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Correlation between the potency of hallucinogens in the mouse head-twitch response assay and their behavioral and subjective effects in other species

Halberstadt, AL, Chatha, M, Klein, AK, Wallach, J and Brandt, SD Correlation between the potency of hallucinogens in the mouse head-twitch response assay and their behavioral and subjective effects in other species. Neuropharmacology. ISSN 0028-3908 (Accepted)

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Abstract

Serotonergic hallucinogens such as lysergic acid diethylamide (LSD) induce head twitches in rodents via 5-HT2A receptor activation. The goal of the present investigation was to determine whether a correlation exists between the potency of hallucinogens in the mouse head-twitch response (HTR) paradigm and their reported potencies in other species, specifically rats and humans. Dose-response experiments were conducted with phenylalkylamine and tryptamine hallucinogens in C57BL/6J mice, enlarging the available pool of HTR potency data to 40 total compounds. For agents where human data are available (n = 36), a strong positive correlation (r = 0.9448) was found between HTR potencies in mice and reported hallucinogenic potencies in humans. HTR potencies were also found to be correlated with published drug discrimination ED50 values for substitution in rats trained with either LSD (r = 0.9484, n = 16) or 2,5-dimethoxy-4-methylamphetamine (r = 0.9564, n = 21). All three of these behavioral effects (HTR in mice, hallucinogen discriminative stimulus effects in rats, and psychedelic effects in humans) have been linked to 5-HT2A receptor activation. We present evidence that hallucinogens induce these three effects with remarkably consistent potencies. In addition to having high construct validity, the HTR assay also appears to show significant predictive validity, confirming its translational relevance for predicting subjective potency of hallucinogens in humans. These findings support the use of the HTR paradigm as a preclinical model of hallucinogen psychopharmacology and in structure-activity relationship studies of hallucinogens. Future investigations with a larger number of test agents will evaluate whether the HTR assay can be used to predict the hallucinogenic potency of 5-HT2A agonists in humans.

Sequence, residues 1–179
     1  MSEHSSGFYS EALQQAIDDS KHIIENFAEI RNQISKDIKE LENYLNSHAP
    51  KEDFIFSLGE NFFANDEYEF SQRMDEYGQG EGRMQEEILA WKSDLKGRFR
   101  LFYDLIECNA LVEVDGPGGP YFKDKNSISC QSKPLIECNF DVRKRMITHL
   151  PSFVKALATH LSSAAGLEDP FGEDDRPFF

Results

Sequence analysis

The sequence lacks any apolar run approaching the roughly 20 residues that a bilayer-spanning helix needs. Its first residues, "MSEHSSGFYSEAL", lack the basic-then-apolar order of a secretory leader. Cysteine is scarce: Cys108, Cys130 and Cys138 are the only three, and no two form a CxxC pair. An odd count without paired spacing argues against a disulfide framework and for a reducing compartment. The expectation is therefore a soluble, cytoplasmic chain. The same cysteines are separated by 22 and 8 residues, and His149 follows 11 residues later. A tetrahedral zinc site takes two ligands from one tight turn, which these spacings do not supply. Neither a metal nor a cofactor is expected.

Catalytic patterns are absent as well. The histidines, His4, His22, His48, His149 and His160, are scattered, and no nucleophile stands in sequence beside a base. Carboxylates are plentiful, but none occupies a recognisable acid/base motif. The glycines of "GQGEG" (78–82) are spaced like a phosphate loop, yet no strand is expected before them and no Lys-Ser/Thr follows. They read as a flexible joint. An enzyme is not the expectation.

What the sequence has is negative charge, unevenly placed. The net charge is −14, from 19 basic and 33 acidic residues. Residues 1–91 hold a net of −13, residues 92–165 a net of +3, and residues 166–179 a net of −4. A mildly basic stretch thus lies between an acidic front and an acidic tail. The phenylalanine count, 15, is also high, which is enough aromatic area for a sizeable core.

Item Type: Article
Uncontrolled Keywords: 1109 Neurosciences, 1115 Pharmacology and Pharmaceutical Sciences, 1701 Psychology
Subjects: Q Science > QH Natural history > QH426 Genetics
R Medicine > RS Pharmacy and materia medica
Divisions: Pharmacy & Biomolecular Sciences
Publisher: Elsevier
Date Deposited: 09 Jan 2020 10:03
Last Modified: 09 Jan 2020 10:03
DOI or Identification number: 10.1016/j.neuropharm.2019.107933
URI: http://researchonline.ljmu.ac.uk/id/eprint/11988

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